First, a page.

An admitted al-Qaida recruit testified Wednesday that he and two friends were determined to spread panic and "weaken America" by strapping on suicide bombs and attacking New York City subways around the eighth anniversary of the Sept. 11 terror attacks.
Najibullah Zazi told a jury that he slipped detonator ingredients into the city on Sept. 10, 2009, after the chemicals extracted from beauty supplies passed a test run. Using code words, he then frantically emailed one of his al-Qaida handlers to get the exact formula for building homemade bombs to go with detonators.
"The marriage is ready," Zazi wrote — code words signaling that he and two of his radicalized former high school classmates from Queens were ready to die as martyrs.
Zazi said the plan was abandoned after he noticed that everywhere he drove in New York, a car followed.
"I think law enforcement is on us," he recalled telling one of his co-conspirators, Zarein Ahmedzay.
Later, he said he told the third man, Adis Medunjanin, in a text message, "We are done."
The 26-year-old Zazi testified for a second day at the trial of Medunjanin in federal court in Brooklyn.
Prosecutors say that Zazi, Medunjanin and Ahmedzay — after growing upset over the U.S. invasion of Afghanistan and receiving terror training at an al-Qaida compound in Pakistan — together hatched what authorities have described as one of the most serious terror plots since the Sept. 11, 2001, attacks.
Medunjanin, 27, a Bosnian-born naturalized U.S. citizen, has pleaded not guilty to conspiracy to use weapons of mass destruction, providing material support to a terrorist organization and other charges. He has denied he was ever part of an al-Qaida operation.
Zazi and Ahmedzay, both of Afghan descent, pleaded guilty in 2010 and were jailed without bail after agreeing to become government witnesses in a bid for leniency.
Zazi recounted how, after leaving their Queens neighborhood for Pakistan in 2008, the three Muslim men met a top al-Qaida operative they knew only as Hamad. Authorities say Hamad was Adnan Shukrijumah, a Saudi listed on an FBI website as a fugitive who plotted attacks for al-Qaida worldwide.
Hamad told the three that they were best suited for an operation on U.S. soil. He also mulled over potential targets with them, including the New York Stock Exchange, Times Square and an unspecified Walmart store, Zazi said.
The men ended up picking the subway because "it's the heart of everything in New York City," Zazi said Wednesday. The purpose, he added, was "to make America weak."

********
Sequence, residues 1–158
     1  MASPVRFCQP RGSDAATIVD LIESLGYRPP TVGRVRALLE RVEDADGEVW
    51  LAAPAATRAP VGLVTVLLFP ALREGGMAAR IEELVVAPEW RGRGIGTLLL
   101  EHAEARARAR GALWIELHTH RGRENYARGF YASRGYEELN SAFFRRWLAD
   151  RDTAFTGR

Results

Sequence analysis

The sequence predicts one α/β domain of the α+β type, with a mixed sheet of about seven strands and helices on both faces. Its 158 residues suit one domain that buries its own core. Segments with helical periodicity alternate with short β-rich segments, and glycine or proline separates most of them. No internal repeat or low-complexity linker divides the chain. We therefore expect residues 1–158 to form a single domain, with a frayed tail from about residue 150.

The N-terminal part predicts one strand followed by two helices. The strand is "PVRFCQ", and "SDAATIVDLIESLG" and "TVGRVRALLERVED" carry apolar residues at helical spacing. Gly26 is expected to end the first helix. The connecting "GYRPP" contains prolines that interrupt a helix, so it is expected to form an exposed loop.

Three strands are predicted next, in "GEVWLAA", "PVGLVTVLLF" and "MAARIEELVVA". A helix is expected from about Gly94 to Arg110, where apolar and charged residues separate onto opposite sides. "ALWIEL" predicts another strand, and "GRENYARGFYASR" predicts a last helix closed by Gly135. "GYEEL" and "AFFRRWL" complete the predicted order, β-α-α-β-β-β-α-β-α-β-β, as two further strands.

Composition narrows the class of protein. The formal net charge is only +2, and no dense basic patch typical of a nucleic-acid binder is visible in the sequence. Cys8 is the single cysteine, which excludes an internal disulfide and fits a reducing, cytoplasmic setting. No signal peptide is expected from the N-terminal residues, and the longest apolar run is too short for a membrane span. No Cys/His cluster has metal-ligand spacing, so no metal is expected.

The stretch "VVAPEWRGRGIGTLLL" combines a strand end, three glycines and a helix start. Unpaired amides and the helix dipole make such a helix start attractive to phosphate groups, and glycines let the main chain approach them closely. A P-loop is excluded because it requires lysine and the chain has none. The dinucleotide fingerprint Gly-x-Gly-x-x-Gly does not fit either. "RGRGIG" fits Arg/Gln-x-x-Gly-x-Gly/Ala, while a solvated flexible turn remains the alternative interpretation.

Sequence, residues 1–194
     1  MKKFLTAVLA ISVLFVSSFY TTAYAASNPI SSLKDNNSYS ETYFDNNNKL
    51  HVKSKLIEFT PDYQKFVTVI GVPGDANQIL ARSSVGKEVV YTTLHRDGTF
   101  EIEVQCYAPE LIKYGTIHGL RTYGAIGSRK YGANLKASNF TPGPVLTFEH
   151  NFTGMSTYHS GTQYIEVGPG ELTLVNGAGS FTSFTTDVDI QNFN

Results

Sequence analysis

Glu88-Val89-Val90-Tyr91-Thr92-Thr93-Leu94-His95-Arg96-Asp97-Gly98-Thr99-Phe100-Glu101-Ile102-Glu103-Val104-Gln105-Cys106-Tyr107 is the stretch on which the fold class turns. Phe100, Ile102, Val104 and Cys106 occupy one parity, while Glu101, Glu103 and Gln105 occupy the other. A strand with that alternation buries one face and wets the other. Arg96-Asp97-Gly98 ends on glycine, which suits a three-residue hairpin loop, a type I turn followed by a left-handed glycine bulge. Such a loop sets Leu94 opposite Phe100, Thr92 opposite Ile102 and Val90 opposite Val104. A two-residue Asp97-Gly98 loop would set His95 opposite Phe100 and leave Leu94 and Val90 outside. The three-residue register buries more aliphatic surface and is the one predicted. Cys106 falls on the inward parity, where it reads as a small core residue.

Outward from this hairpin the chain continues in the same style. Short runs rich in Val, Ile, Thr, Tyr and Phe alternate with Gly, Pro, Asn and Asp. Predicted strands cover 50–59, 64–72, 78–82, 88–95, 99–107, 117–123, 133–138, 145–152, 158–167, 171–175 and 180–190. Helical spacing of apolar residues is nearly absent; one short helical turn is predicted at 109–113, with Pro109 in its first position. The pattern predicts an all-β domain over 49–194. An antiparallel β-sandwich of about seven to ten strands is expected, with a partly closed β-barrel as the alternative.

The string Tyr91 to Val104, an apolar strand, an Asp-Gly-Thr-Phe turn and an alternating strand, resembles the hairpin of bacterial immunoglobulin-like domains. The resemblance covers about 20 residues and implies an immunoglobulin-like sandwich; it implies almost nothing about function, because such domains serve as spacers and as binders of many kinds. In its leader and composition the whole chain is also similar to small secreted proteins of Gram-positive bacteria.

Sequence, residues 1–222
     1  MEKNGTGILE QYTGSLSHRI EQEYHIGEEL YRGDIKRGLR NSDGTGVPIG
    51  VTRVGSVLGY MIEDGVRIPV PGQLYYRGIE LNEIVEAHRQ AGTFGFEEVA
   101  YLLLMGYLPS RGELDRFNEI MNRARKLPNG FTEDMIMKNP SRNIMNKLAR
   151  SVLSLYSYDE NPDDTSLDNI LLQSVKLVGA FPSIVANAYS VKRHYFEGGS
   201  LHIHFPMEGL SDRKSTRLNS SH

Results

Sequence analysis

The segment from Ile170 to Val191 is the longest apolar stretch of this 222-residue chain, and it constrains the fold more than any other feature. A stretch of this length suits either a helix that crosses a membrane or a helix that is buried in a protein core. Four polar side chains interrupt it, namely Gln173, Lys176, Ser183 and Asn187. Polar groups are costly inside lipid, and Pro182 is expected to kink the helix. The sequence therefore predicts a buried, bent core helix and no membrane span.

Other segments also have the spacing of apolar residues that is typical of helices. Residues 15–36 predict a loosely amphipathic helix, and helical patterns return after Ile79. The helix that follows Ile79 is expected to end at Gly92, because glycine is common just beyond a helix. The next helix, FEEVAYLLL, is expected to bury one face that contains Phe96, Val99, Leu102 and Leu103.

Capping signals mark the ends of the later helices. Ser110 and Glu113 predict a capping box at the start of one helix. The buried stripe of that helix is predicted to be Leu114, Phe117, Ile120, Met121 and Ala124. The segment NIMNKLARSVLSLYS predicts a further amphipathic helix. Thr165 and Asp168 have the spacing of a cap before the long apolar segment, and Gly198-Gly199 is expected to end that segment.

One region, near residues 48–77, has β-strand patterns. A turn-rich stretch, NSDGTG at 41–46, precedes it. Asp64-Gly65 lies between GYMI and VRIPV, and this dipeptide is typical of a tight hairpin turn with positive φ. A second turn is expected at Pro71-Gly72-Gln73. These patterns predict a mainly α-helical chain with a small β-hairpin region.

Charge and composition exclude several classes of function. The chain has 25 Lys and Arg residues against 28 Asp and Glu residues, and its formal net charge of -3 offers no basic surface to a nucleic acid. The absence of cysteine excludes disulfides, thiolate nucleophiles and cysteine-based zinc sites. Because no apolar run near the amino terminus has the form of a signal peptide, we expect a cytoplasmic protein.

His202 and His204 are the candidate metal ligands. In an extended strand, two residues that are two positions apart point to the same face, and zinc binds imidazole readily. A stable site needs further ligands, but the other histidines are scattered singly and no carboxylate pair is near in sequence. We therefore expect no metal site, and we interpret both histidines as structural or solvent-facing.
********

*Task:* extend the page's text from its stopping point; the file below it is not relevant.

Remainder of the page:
He added: "It was our choice."
At another al-Qaida outpost in the South Waziristan region of Pakistan, Zazi said he learned how to extract explosives ingredients from nail polish remover and other products sold at beauty supply stores.
"It was very simple, and they're everywhere," he said of the chemicals.
In a later meeting in New York, the plotters decided to blow themselves up at three different locations at morning rush hour inside the Manhattan subway system during the month of Ramadan, Zazi said. They hoped that "people would have a lot of fear," he said.
After leaving Pakistan, Zazi relocated to Denver, where he tried to blend back into society by driving an airport shuttle van. Behind the scenes, he bought beauty supplies, rented a hotel room with a kitchen and prepared acetone peroxide for a detonator, he said.
He also emailed an al-Qaida operative asking for the recipe — "right away, please" — for a bomb made from flour and ghee oil.
By the time Zazi rented a car and drove to New York with the acetone peroxide in a glass jar, FBI agents were tailing him. When he realized that, he stopped at a Queens mosque and threw away chemicals, goggles and other bomb-building items, he said.
Ahmedzay flushed the acetone peroxide down a toilet as part of the cover-up, he added
He also decided to go back to Colorado. But before he could leave, he discovered his rental car was missing. Authorities have said they secretly took it for a search before allowing him to retrieve it without letting on.
While trying to locate the rental, the would-be suicide bomber who had every reason to fear being caught testified that he still did what most people would do: "I called the police."
He flew back to Denver, where he was arrested about a week later.